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Through the raincloud: Agricultural community takes stock after record-breaking rains

The Jackson County Greenway and boat put-in were blocked off last week due to danger from the swollen Tuckasegee River. Holly Kays photo The Jackson County Greenway and boat put-in were blocked off last week due to danger from the swollen Tuckasegee River. Holly Kays photo

A month of rain capped off by the arrival of Tropical Storm Alberto has caused massive flooding, landslides and loss of life in North Carolina’s western region, but the mountains west of Asheville were mostly able to escape the devastation experienced in Polk, McDowell, Avery and Buncombe counties. 

“I think everyone’s optimistic that we dodged a bullet to have got 20 inches of rain in two weeks and not gotten any more extensive flooding than what we had,” said Joe Deal, agriculture extension agent for Macon County Cooperative Extension.

According to volunteer-collected data through the National Weather Service’s Community Collaborative Rain, Hail and Snow Network — referred to as CoCoRaHS — the Franklin area received 7.59 inches of rain between May 20 and June 3, while the Highlands area received 17.95 inches. The National Weather Service’s furthest-west official weather station, in Asheville, recorded 14.68 inches for the month of May, a record-breaking number. That rainfall drowns the previous May record of 9.18 inches, set in 2009, and makes May 2018 Asheville’s wettest month on record since August of 1940, when the city received 13.75 inches. Climate records for Asheville go back to 1869.

“This is an unusual event for this time of year,” said Lisa Leatherman, Duke Energy’s local government and community relations manager for the six western counties. “It’s unusual that we’ve had a named tropical storm prior to today. Really the kickoff for the hurricane season is June 1.”

May had been a wet month from the get-go, but rainfalls coming in from Alberto tipped the scales from manageably wet to historically wet. Up until Alberto, said Leatherman, Duke Energy reservoirs in the Nantahala region had been able to capture all the runoff and pass it through the generators, but when Alberto came through lake levels began to climb, nearing the maximum allowed by Duke’s operating agreement.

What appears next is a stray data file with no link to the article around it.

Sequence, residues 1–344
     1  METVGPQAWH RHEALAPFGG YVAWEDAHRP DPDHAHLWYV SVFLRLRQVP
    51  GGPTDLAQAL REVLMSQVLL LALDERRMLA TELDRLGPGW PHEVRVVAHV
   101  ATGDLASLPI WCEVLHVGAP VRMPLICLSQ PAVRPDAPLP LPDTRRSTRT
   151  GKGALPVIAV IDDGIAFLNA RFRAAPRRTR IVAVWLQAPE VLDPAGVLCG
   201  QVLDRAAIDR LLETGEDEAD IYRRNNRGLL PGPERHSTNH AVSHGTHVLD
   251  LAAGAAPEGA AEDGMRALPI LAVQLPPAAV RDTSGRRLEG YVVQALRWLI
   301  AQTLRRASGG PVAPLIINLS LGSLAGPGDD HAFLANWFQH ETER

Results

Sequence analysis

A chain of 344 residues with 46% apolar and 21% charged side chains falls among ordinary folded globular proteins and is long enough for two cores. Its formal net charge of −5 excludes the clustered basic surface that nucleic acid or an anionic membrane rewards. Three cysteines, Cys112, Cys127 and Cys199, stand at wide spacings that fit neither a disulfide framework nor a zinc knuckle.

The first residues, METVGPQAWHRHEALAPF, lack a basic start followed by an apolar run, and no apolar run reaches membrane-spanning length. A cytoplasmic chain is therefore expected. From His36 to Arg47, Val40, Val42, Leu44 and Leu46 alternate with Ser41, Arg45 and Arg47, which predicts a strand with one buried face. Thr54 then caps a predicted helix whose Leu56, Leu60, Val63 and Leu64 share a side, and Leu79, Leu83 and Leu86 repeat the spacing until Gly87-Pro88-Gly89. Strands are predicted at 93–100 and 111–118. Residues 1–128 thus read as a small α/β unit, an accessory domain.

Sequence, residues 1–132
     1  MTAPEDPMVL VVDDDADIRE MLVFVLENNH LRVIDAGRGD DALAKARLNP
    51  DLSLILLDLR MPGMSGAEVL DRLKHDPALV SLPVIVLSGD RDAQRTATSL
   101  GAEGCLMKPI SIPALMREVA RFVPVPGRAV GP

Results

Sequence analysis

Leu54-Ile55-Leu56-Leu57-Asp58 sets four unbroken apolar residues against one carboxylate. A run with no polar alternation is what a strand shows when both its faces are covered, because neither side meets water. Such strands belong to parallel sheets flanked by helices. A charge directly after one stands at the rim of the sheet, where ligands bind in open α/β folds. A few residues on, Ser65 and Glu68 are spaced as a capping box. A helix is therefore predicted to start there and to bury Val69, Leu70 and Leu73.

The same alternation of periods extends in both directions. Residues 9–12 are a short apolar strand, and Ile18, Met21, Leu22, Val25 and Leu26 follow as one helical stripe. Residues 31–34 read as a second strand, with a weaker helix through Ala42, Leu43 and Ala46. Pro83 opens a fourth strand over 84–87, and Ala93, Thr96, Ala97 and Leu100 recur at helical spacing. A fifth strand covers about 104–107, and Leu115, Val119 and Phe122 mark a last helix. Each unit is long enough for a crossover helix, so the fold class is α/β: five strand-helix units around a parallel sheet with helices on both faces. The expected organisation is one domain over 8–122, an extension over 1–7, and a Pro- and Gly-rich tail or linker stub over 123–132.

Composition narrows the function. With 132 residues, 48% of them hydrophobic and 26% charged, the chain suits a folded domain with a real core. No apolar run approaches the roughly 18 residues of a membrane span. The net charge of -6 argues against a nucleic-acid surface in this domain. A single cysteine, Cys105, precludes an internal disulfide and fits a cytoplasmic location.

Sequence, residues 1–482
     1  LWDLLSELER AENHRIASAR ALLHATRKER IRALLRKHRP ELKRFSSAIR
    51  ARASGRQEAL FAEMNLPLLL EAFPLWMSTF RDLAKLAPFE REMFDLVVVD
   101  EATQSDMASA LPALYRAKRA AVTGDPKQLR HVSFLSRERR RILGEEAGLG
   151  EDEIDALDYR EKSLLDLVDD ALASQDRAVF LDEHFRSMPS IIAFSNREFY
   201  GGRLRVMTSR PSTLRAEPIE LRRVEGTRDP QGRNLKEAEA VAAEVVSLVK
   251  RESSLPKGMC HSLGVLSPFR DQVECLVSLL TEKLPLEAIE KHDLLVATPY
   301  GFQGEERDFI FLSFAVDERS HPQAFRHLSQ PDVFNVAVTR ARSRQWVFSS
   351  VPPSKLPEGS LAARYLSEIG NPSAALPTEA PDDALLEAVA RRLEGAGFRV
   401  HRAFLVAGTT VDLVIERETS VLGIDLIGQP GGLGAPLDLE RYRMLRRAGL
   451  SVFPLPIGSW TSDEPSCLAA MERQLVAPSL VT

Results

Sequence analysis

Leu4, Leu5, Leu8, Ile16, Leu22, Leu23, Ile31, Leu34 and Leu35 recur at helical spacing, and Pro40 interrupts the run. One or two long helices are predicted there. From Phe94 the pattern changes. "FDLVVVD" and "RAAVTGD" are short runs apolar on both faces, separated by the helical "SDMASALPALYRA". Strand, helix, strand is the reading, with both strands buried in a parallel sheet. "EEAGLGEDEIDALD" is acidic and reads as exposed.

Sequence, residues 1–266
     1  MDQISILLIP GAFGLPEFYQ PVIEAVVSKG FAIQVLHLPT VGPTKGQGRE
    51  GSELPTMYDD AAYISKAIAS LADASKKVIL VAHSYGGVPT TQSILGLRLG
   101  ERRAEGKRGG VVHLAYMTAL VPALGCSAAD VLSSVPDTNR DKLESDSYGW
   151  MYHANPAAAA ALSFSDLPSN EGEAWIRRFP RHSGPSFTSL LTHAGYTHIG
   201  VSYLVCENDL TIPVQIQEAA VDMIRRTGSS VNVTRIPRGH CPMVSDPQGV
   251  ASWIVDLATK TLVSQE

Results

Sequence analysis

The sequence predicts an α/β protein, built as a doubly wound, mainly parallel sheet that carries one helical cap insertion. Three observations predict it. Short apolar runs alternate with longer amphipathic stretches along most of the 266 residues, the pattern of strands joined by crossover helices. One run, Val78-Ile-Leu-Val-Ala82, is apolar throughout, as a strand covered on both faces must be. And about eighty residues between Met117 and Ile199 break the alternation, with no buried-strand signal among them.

In Lake Glenville, for example, the target elevation for May is 97 feet with a normal minimum of 95 feet and normal maximum of 99 feet. During the month of May, levels were over the 99-foot maximum for four days and over the target elevation for 27 out of 31 days. 

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“To maintain that (target elevation) we have to open spillways to maintain flows beyond what pass through the generators,” Leatherman said. “That triggers increased inflows into the main stem of the Tuckasegee River, greater than what the general public and the recreating public see when we’re just running water through our generators.”

The rains caused Duke Energy to open gates on all of its hydro facilities in the Nantahala area, including on Lake Glenville, something that doesn’t happen very often. In fact, the last time Leatherman can remember dealing with this much water was in 2004, a year of hurricanes that caused massive flooding and landslides in the mountain region. 

“We’ve been fortunate,” said Leatherman. “We’ve been fortunate in the fact we’ve had saturated soils and we haven’t had any winds, which has been good for our power delivery side.”

The Tennessee Valley Authority has also been responding to the abnormally high water levels, over the past weekend increasing releases from Fontana Dam through the turbines and both spillway tunnels at a rate of 16,700 cubic feet per second. TVA anticipates that the spillway tunnels will stay open until the middle or end of this week. 

While Deal, like Leatherman, thinks the mountains came through the storms much better than they could have, the rainy weather is not without impact. 

“On my farm we threw away about 75 percent of the (straw)berries that we picked last week,” he said. “That was pretty tough, but to keep picking we had to get those rotten fruit off the vine.”

Macon County farmers saw some minor flooding on the Little Tennessee River, mostly affecting hayfields and pastures, Deal said, but the Cullasaja River didn’t flood at all. Crops like Deal’s strawberries weren’t damaged due to flooding but rather because of diseases spurred by the unrelenting wetness.